Imperfection Incarnate

From the Daily Office Lectionary for Wednesday in the week of Advent 1, Year 2 (2 December 2015)

Psalm 119:1 ~ Happy are those whose way is blameless, who walk in the law of the Lord.

The Old Testament can be so unforgiving! Who is “blameless”? What human being can attain such perfection? I wrote the following reflection on perfection for the December issue of our parish newsletter.

A few weeks ago, my wife Evie and I went to the movies! We saw Bridge of Spies (which I strongly recommend, by the way) and several promotional “trailers” for up-coming movies, one of which is playing in the local theater as I write this reflection.

The movie is a holiday comedy starring Diane Keaton and entitled Love the Coopers; I know nothing about this movie and hadn’t heard of it until seeing the trailer. As the promo begins, we see Keaton in a department store speaking to someone and saying, “It’s the only time of the year when we’re all together! I want the perfect Christmas!”

As soon as I heard those words, I turned to Evie and said, “O my God! She’s my mother!”

I love my late mother and miss her dearly, but if she had one besetting sin it was holiday perfectionism. Whatever the holiday – New Year, Easter, Fourth of July, end-of-summer Labor Day, Thanksgiving, or Christmas – these were times for the family to gather and the festivities had to be perfect! And . . . of course . . . they never were. The holiday wasn’t perfect, Mother was disappointed, and her disappointment made the imperfection worse. Especially at Christmas.

Thank God that perfection is not what Christmas is all about! If it were, there would be nothing at all to celebrated because, in all honesty, it would be a dismal failure for all of us. Quite to the contrary, Christmas is about imperfection, about weakness, about foolishness.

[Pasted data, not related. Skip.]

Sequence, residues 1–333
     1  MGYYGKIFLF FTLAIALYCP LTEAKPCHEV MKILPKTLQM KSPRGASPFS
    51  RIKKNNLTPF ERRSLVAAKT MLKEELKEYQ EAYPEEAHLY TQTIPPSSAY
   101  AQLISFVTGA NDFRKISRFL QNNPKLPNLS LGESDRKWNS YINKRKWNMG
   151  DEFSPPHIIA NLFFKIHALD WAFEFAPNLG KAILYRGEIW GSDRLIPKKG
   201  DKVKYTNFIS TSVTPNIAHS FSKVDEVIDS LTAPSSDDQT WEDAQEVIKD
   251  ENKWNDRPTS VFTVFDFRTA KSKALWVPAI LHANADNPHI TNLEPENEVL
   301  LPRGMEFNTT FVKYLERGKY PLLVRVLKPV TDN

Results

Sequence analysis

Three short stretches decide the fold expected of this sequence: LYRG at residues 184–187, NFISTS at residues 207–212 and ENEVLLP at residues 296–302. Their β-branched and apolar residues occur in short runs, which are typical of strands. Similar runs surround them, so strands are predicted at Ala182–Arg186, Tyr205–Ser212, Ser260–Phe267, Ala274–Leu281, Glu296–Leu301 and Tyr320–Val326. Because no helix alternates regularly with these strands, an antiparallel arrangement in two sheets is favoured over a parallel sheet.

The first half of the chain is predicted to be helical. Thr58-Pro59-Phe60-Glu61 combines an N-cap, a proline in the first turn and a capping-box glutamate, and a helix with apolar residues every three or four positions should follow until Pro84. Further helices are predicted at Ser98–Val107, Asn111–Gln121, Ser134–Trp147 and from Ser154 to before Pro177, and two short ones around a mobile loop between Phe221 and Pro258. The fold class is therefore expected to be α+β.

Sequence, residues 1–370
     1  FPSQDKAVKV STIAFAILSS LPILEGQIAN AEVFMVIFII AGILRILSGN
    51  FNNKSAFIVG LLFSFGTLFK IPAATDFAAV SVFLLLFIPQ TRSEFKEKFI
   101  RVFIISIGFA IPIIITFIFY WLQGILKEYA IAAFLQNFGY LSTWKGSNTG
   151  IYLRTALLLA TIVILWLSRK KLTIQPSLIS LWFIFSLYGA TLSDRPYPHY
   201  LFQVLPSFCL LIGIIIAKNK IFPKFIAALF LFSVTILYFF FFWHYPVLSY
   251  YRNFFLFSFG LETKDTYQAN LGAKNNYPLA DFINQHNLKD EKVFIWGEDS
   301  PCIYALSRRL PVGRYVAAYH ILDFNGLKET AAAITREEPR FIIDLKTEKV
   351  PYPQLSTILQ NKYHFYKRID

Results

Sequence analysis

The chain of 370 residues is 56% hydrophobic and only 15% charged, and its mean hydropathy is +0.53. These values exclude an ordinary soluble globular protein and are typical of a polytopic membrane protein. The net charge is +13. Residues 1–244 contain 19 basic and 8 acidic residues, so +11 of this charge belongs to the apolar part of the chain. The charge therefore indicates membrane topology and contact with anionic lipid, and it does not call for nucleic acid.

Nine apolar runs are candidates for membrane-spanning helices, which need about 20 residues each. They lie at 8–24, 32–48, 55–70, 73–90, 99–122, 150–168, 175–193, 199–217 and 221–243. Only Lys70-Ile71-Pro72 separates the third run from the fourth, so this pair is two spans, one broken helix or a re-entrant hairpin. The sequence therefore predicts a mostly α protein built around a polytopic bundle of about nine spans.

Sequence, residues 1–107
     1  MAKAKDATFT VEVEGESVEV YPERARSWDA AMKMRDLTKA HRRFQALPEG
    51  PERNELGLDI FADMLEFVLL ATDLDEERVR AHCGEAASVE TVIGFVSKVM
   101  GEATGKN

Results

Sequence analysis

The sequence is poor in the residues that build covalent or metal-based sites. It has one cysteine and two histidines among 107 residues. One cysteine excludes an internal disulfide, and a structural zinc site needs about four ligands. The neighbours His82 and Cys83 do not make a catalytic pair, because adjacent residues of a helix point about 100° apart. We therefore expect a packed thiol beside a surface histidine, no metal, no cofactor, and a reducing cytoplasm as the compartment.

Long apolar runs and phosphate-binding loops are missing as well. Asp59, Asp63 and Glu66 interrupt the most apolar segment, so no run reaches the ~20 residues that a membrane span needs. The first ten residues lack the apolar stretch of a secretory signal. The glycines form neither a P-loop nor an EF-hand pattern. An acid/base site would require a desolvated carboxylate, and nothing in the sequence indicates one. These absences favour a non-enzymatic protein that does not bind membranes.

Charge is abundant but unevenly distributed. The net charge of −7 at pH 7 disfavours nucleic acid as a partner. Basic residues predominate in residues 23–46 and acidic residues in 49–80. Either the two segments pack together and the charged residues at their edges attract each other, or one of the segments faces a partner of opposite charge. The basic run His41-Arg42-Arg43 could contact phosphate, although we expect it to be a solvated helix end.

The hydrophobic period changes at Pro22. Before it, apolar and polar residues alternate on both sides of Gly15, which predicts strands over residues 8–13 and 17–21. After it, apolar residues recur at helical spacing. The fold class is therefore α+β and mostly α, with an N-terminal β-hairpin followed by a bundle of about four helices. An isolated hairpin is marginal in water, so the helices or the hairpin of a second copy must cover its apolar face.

If the Incarnation was all about perfection, the Word of God would have arrived as Someone like the Greek god Apollo, riding in a flaming chariot, bedazzling humankind with Sun-like brilliance. If the Incarnation was all about strength, the Savior would have come as Someone like Hercules, wrestling serpents and conquering lions. If the Incarnation was all about human wisdom, the Lord might have appeared as Someone like the lady Athena, the Greek goddess who sprang fully formed from the brow of Zeus.

Instead, the Word of God arrived not in a shining chariot but in a dirty stable; the Savior came not as a strongman but was a weak newborn; the Lord appeared not uttering words of wisdom but unable even to communicate for himself. Foolishness indeed. Imperfection incarnate.

“Love came down at Christmas,” wrote Christina Rossetti and though it isn’t usually associated with Christmas, her verse makes me think of St. Paul’s First Letter to the church in Corinth: “Love is patient; love is kind; love is not envious or boastful or arrogant or rude. It does not insist on its own way; it is not irritable or resentful; it does not rejoice in wrongdoing, but rejoices in the truth. It bears all things, believes all things, hopes all things, endures all things. Love never ends.” (1 Cor. 13:4-8) Love does not insist on perfection or strength or wisdom; love accepts and works through those human frailties, not against them.

As the infant born in Bethlehem grew and became a man, his life was filled with what we might call imperfections. He soon became a refugee in a country not his own: “Get up,” said an angel to his father, “take the child and his mother, and flee to Egypt, and remain there until I tell you.” (Mt 2:13) He was rejected by his family and friends: “Prophets are not without honor except in their own country and in their own house,” he said. (Mt 13:57) He wandered as homeless person: “Foxes have holes, and birds of the air have nests; but the Son of Man has nowhere to lay his head,” he once remarked. (Mt 8:20)

Love came down at Christmas to be a refugee, rejected and homeless. Christmas is about love, not perfection:

Love shall be our token,
Love shall be yours and love be mine,
Love to God and to all men,
Love for plea and gift and sign.

Forgive yourself and others whatever imperfections there may be. The Incarnation is about love, not blameless perfection!

May your Advent preparations and Christmas festivities, imperfect though they will be, be filled with love!